October 2008. A month that I will always remember, for two reasons.
Following Lehman Brothers’ colossal bankruptcy, global markets plummeted in October and close to $10 trillion - an eye-watering amount of money - was wiped off market caps. Investors mourned the loss of their money and witnessed the start of a mammoth financial crisis.
October 2008 was also the month I left behind my job on a pensions magazine, a world where although politicians loved keeping us on our toes with consultations, last-minute U-turns and tinkering aplenty on Budget days, the pace of change was slow and pension scheme trustees’ decision-making on asset allocation was likened to turning a rusty old oil tanker around.
And where was my new job? Money Observer, of course. In at the deep end, writing about stock markets, property, interest rates and so on; with an intense economic crisis bubbling away in the background, the pace of change was rapid.
I’m recalling all this because my time has come again to move to pastures new. I’m hoping that June 2013 will not trigger any more crises but with my track record you never know.
As some sort of swansong column I’d like to mention a few of the positive developments that have happened over the past four and half years.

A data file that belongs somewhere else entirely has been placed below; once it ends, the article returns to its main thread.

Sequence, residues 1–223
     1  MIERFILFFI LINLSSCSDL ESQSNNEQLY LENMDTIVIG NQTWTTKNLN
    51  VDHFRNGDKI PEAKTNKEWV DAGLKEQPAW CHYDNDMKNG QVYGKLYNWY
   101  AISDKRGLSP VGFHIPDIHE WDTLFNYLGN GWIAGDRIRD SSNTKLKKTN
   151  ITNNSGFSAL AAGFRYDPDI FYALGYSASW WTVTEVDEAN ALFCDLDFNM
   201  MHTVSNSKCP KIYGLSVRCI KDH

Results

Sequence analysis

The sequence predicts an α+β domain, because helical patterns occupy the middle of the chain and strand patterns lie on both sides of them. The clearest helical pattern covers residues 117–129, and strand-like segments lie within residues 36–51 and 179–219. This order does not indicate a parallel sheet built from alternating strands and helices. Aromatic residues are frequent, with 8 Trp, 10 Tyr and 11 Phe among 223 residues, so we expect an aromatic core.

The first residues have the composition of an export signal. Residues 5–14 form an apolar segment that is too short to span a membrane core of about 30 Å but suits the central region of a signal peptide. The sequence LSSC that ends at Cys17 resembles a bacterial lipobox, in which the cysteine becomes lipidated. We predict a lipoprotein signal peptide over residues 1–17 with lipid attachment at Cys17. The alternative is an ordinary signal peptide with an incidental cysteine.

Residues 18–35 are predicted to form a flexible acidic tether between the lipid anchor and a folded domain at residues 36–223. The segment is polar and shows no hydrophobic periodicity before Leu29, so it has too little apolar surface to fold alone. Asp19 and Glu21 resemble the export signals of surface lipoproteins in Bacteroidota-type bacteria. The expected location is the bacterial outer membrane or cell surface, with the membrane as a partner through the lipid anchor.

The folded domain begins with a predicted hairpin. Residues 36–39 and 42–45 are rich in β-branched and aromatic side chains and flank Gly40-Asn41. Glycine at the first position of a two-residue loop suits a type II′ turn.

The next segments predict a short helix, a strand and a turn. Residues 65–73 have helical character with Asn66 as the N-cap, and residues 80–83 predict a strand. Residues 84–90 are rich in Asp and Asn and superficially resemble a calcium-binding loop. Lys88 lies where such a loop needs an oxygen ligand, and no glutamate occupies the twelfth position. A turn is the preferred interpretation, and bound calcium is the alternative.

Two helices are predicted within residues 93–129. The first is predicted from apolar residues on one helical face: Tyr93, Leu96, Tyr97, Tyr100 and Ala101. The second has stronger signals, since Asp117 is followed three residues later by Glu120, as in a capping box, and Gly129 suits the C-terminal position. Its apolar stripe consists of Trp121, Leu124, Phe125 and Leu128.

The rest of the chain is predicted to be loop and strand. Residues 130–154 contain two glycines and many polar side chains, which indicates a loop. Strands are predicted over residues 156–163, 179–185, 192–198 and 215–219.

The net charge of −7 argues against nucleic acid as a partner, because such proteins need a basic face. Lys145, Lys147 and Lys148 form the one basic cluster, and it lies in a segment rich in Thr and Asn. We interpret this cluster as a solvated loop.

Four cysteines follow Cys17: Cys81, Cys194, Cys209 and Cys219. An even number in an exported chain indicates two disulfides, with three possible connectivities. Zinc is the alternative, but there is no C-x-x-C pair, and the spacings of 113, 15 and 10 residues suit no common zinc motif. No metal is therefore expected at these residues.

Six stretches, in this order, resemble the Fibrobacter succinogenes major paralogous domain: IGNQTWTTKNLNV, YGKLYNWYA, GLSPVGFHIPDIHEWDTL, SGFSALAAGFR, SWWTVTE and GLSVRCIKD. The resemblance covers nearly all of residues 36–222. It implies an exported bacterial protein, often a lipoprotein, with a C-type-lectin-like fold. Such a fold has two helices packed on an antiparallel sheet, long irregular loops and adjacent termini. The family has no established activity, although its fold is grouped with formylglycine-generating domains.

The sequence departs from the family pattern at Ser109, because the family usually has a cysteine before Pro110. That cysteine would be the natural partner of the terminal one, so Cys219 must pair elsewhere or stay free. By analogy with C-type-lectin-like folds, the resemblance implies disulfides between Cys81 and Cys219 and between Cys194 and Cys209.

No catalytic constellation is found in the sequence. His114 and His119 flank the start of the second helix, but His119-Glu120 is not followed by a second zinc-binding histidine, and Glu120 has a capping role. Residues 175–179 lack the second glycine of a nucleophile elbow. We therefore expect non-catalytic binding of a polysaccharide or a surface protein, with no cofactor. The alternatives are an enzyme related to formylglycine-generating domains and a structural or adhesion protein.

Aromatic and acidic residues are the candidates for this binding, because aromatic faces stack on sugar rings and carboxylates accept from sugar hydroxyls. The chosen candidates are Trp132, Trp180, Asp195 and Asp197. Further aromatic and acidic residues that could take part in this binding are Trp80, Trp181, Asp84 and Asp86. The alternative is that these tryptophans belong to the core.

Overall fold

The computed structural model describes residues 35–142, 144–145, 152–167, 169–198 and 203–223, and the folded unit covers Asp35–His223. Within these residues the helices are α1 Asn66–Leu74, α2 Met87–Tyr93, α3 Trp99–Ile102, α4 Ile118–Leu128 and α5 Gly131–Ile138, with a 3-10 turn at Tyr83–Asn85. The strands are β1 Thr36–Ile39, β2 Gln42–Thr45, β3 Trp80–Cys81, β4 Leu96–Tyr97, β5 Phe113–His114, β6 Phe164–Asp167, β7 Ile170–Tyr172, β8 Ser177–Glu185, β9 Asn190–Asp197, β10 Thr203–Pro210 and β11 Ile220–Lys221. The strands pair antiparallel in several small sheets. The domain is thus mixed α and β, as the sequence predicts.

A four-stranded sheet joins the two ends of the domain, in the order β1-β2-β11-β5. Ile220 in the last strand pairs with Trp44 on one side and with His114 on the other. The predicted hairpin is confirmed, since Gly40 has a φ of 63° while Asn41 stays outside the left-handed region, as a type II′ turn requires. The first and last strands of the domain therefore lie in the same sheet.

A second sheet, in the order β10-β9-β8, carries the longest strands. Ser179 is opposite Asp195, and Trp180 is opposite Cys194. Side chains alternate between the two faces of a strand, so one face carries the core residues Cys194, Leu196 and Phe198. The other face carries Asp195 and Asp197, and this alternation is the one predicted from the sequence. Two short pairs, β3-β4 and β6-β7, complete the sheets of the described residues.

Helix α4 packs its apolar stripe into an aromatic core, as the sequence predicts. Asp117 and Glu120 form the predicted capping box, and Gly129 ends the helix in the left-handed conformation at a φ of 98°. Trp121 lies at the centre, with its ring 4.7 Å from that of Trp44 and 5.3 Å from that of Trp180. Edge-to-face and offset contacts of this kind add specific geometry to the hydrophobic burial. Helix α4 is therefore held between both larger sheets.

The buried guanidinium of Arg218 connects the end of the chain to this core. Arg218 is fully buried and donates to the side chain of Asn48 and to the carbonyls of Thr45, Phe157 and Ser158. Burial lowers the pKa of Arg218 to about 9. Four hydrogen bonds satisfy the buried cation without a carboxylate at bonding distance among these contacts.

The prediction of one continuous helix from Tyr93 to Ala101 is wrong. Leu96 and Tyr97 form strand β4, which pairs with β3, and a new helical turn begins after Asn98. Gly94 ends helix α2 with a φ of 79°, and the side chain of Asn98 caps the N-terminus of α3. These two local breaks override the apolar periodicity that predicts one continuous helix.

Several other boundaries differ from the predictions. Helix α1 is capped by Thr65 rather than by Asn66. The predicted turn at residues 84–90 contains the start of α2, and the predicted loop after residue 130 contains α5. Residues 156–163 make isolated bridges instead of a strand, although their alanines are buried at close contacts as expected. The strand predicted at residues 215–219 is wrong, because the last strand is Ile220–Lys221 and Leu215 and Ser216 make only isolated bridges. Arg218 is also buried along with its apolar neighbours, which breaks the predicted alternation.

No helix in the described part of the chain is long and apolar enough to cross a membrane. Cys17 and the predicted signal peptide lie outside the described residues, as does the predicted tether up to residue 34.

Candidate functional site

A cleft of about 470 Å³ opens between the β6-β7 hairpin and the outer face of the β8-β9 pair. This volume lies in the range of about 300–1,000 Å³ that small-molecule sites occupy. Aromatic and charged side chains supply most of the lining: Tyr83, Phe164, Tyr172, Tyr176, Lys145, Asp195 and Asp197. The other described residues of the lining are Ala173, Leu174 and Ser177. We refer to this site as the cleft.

Financial education is going to be added to the school curriculum. Regulation now bans independent financial advisers from taking commission. Demand for do-it-yourself trading platforms has exploded and there’s even a comparison website to help investors find the cheapest platform for them. The Order Book for Retail Bonds launched, giving private investors a channel to buy and sell bonds.
However, clearly some things have not changed for the better. Economic growth is barely there and interest rates are still rock bottom; unfortunately I never had a hot line to George Osborne or Mervyn King to try and fix that. And there are more challenges ahead, not least inflation (or deflation) and a precarious housing market.
Ever the optimist though, I hope we continue to see glimmers of good news and maybe our Isas and pensions will balloon too. Finally, I need to thank you, the readers, for all your feedback and article ideas and of course, for continuing to be loyal Money Observer readers.